Types of tax records
Record Example: 1754 list for Bern Township, Berks County, Pa.
Record Example: Real and Personal Property Tax List
Finding tax lists
Understanding tax lists
- Coverage: Tax records date to colonial times. Since the American Revolution, residents have been taxed on local, county, state and (sporadically until the 20th century) federal levels. Most 20th-century income taxes are covered by privacy restrictions; property levies are generally public information.
- Jurisdiction where kept: Record locations generally follow the layer of government levying the tax: towns or municipalities for city taxes, courthouse or county archives for county taxes, state archives (which may include microfilms of local records) for state taxes and the National Archives for federal taxes.
- Primary source details: names of individual taxpayers; description of land or personal property being taxed
- Secondary source details: neighbors’ names and property; shifts in ownership of property; estimated birth dates of single men; death of ancestor; whether an ancestor moved
- Search terms: name of the government unit issuing the tax (such as Pennsylvania state) plus “tax lists” or “tax records” or taxation
- How to find in the FamilySearch catalog: Run a Places search for the names of the state, county and/or town of interest, then look for the Taxation category. If you search for just the state, you may miss some potentially helpful entries.
- Alternate and substitute records: city and county directories; federal and state censuses; probate records; land records
- Cyndi’s List: Taxes Locality Specific
- Ending the Poll Tax
- The Good News About Taxes: Finding and Using Tax Records in Your Genealogical Research
- Income Tax Records of the Civil War Years
- Known, Extant 1798 Direct Tax Lists
- The Quit-Rent System in the American Colonies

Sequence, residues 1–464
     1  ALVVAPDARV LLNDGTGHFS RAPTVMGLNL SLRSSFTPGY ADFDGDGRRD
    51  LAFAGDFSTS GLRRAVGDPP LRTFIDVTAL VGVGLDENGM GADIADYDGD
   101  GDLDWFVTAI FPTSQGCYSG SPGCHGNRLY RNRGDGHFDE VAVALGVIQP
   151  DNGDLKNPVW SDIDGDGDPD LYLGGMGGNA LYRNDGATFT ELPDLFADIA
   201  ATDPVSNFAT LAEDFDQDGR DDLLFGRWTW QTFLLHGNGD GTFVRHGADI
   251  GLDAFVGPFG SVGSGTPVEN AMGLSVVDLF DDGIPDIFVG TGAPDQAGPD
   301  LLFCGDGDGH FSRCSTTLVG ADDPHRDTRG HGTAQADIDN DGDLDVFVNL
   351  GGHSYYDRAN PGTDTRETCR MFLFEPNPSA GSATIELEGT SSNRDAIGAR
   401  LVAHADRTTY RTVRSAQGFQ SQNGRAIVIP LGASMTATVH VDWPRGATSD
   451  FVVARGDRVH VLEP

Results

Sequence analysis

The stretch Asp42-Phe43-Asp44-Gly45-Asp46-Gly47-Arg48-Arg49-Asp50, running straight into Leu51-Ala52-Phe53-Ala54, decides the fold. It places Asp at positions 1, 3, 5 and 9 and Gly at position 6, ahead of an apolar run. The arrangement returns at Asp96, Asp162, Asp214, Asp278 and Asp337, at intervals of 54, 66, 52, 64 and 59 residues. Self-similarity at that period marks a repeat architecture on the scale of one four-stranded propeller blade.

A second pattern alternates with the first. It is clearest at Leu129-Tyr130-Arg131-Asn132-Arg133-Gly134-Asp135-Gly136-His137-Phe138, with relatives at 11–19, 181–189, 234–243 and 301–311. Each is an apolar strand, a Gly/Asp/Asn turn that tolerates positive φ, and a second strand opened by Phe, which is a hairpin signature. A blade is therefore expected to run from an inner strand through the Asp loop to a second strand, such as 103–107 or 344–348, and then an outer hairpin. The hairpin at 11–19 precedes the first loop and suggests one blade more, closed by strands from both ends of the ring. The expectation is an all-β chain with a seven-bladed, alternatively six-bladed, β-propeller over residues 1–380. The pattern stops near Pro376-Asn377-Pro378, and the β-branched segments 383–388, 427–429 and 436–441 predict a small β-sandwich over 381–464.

- Red Book: American State, County and Town Sources
- Tax History Museum: Tax History Project
- The Beginner’s Guide to Using Tax Lists by Cornelius Carroll (Genealogical Publishing Co.)
- Courthouse Research for Family Historians by Christine Rose (CR Publications)
- Federal Taxation in America by W. Elliot Brownlee (Woodrow Wilson Center Press)
- The Genealogist’s Guide to Researching Tax Records by Carol Cooke Darrow and Susan Winchester (Heritage Books)
- Genealogy and the Law: A Guide to Legal Sources for the Family Historian by Kay Haviland Freilich and William B. Freilich (National Genealogical Society)
- Map Guide to the U.S. Federal Censuses, 1790-1920 by William Thorndale and William Dollarhide (Genealogical Publishing Co.)
- The Source: A Guidebook of American Genealogy, 3rd edition, edited by Loretto Dennis Szucs and Sandra Hargreaves Luebking (Ancestry Publishing)
- Tax Records: A Common Source with an Uncommon Value by Arlene H. Eakle (Genealogical Institute)
Quiz: Put it into Practice
2. Which of the following is the tax LEAST likely to reveal genealogically useful information about your ancestor
a. poll taxes
b. personal property taxes
c. income taxes
d. cigarette taxes
3. The general trend in taxation by local, county and state units was from:
a. income to tariffs
b. wealth to income
c. tariffs to real property
d. real property to personal property
Exercise A: Go to FamilySearch’s database of US Internal Revenue Assessment Lists (1862-1874), and look for Colorado, Arapahoe County from 1862 to 1863. Find image 14.
1. What are the names of the top two listed individuals?
2. Where did they reside?
3. What were their occupations and how much tax did they owe for licenses?
4. Write a citation for this record.
Exercise B: Pick an ancestor whose tax records you want to find using an online database of your choice. Use the worksheet and extraction form in the back of this workbook to record your results.
- Many tax lists are created by assessors, leading to spelling variations in your ancestors’ names from year to year. Think phonetically.
- Like other secondary sources, published tax lists may “edit out” some details in the original lists, and they are subject to copying errors. Once you find your relative in a compilation, use the details to look for the original tax record.
• Eight hints and hacks for searching FamilySearch.org
• 10 easy tips for using Ancestry.com
• County hunting
• Finding your family’s financial records
• Researching ancestors who were poor
• Tracing Irish ancestors in Griffith’s Valuation
• Courthouse Research Crash Course on-demand webinar
• Unofficial Guide to Ancestry.com
• Using Tax Records to Trace Your Ancestors download